Camel grass â€¦ awful, and terribly destructive for the cars, over many kilometres. A special stage described by the leaders as being very difficult. The day before arriving in Dakar, the organisers had planned a hard day, with a stage packed full...
Camel grass … awful, and terribly destructive for the cars, over many kilometres. A special stage described by the leaders as being very difficult. The day before arriving in Dakar, the organisers had planned a hard day, with a stage packed full of potential traps. Although Giniel de Villiers set a superb 3rd-fastest time, Colin McRae has transmission problems which delayed him significantly. As for Yoshio Ikemachi and his « professor » Thierry Delli Zotti, they took the lead of the Production category this evening, with their Nissan Patrol… The day started rather badly for Colin McRae. When the time came to start the car this morning - nothing happened. It took the mechanics some time to find the source of the problem. Installed the day before, the on-board camera appeared to be the cause. This meant that Colin set off on the stage with a delay of twelve minutes. After 138 km, the problems got worse. The transmission of the nr 202 car was out of action. Forced to wait for his race assistance truck, Colin lost many hours. Finally, he managed to rejoin the race, and reached the bivouac at around 0:30. A black day for the Scottish driver.
For Giniel, the Tidjikja-Nouakchott stage was a exercise in driving style: "We had a very difficult stage ! The first 290 kilometres were really terrible. There were plenty of stones hidden under the sand. You had to drive relatively slowly to get through and avoid punctures. After that, we hit the camel grass… This is undoubtedly the sort of terrain I hate the most. This was the first time I had driven over it for so long, but I would not like to repeat the experience too often ! The sensations are really disagreeable. The car gets really hard, and your body suffers over this sort of surface. The second part of the stage was much better as far as driving was concerned. Long, fast bends, on which I feel really at ease. The only little problem we had was some smoke in the cockpit in the middle of the stage. We stopped, but we couldn't find anything, and we started up again. We had no punctures, but we were very careful over the camel grass, because it is so easy to break the car over that terrain. We speeded u p a bit at the end. The stage was much more difficult htat that of yesterday. I am happy to finish in 3rd place. My aim now is to reach Dakar tomorrow…"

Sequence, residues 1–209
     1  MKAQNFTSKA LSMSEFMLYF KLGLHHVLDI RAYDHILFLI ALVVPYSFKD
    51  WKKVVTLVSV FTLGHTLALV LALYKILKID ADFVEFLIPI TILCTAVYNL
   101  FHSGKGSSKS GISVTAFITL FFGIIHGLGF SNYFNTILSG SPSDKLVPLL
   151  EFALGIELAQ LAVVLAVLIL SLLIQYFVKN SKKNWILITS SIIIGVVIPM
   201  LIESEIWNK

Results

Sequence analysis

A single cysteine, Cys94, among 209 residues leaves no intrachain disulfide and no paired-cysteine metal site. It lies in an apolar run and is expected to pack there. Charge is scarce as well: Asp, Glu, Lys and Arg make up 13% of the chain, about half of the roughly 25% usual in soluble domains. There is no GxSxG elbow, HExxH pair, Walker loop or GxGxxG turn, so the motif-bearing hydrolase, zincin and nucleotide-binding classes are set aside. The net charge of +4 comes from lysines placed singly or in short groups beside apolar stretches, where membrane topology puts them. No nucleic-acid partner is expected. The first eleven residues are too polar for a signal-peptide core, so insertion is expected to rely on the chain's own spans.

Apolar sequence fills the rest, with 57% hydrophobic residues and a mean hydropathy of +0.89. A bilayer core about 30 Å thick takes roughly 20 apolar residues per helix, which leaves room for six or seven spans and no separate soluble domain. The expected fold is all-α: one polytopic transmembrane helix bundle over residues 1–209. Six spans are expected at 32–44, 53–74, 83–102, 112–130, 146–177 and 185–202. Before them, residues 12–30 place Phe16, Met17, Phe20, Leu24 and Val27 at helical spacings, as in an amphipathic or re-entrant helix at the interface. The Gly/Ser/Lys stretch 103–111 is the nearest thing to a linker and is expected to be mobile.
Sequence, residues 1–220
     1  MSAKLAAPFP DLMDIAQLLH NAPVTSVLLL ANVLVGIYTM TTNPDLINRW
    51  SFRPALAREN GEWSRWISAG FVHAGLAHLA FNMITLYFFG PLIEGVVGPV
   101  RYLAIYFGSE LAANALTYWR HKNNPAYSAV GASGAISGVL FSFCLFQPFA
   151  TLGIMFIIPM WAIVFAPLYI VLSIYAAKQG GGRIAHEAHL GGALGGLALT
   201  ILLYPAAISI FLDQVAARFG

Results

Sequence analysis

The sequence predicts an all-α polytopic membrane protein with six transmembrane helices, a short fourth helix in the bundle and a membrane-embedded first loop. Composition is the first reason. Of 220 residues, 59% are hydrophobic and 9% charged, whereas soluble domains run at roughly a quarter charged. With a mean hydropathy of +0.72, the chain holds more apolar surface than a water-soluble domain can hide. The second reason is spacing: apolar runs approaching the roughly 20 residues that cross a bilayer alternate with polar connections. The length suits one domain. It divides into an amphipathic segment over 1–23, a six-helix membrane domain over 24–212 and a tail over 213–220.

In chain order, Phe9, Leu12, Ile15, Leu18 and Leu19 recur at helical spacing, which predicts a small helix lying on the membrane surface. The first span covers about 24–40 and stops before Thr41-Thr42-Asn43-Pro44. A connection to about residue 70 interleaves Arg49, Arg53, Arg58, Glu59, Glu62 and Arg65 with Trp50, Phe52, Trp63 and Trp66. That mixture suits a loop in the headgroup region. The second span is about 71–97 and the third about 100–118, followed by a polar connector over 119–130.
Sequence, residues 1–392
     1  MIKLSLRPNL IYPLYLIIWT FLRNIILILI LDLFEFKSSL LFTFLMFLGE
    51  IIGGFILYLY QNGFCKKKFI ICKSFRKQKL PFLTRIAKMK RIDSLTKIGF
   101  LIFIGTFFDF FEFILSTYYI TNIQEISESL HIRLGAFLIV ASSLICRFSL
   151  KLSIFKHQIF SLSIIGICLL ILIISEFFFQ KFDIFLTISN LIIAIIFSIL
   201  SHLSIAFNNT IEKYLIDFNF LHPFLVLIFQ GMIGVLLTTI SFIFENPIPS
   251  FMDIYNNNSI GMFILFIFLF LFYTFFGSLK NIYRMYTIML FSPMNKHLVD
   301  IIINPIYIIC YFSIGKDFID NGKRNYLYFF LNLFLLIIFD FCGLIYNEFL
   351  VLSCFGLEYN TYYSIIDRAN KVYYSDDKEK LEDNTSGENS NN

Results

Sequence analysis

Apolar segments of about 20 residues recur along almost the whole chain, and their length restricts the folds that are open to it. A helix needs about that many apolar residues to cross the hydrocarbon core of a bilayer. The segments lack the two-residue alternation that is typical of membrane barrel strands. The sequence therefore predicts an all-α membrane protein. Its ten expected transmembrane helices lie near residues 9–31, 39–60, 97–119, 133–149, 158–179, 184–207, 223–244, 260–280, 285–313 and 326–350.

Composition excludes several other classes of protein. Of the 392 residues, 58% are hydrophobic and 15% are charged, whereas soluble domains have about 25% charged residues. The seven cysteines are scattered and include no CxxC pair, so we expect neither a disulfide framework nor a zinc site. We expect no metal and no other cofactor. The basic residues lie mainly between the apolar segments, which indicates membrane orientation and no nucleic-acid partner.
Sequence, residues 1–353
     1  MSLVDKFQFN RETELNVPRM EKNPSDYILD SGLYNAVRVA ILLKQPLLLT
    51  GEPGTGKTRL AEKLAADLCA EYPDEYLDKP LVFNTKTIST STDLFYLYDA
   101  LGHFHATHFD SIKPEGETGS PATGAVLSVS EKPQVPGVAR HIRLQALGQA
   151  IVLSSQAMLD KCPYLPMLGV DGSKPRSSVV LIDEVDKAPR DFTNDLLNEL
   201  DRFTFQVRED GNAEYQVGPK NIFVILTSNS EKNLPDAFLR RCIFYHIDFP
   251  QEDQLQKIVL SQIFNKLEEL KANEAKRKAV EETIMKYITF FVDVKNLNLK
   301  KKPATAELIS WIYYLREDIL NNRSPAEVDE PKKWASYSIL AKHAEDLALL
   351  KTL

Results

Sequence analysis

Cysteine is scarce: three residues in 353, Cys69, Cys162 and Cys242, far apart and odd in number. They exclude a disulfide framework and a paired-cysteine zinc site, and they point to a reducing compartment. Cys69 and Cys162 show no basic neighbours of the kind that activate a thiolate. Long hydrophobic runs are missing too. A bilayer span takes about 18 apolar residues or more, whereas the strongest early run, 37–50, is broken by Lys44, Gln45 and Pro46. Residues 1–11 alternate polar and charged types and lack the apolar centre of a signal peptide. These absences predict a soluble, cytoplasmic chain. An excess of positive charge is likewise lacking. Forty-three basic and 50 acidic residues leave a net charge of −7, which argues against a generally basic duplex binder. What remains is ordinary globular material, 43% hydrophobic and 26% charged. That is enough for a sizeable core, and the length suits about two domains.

These comments were confirmed by his co-driver François Jordaan, who was smiling broadly : "We had a superb day, even if it was exhausting… for me, it was the most demanding stage as far as navigation was concerned. Luckily, I didn't make any mistakes ! To keep on the right track, you have to trust your instruments, but also your instinct. I am getting more and more confident with using the GPS, but the navigation is still quite complex. When you give a heading to the driver, you still have take any obstacles ahead into account, and the right way to get through is not always that clear. Giniel drove incredibly well. We have had no problems with the car. Everything went really well, and we set the 3rd fastest time, just behind the rally leaders, and we are very pleased with that …"
The best surprise of the day came from the Ikemachi-Delli Zotti team; after putting in a faultless performance with their Nissan Patrol since leaving Clermont-Ferrand, the Franco-Japanese tandem claimed the first place in the Production category this evening. A fine result which is suitable reward for their exemplary regularity. Our Japanese rookie has learnt well the lessons taught by his ‘professor', Thierry, and everyone hopes that this result will remain unchanged until they arrive in Dakar in two days time. Well done !
Tomorrow's stage is 648 km long, taking them to Dakar. Pleasure and driving skills should be to the fore, over this partially new stage, fast and winding over sandy tracks, which will take the competitors over successive chains of sand-dunes, up to the Mauritanian frontier. After that, the liaison road to Dakar will be more like a huge parade, where thousands of Senegalese inhabitants will give the survivors of this 26th edition of the Dakar a fine welcome.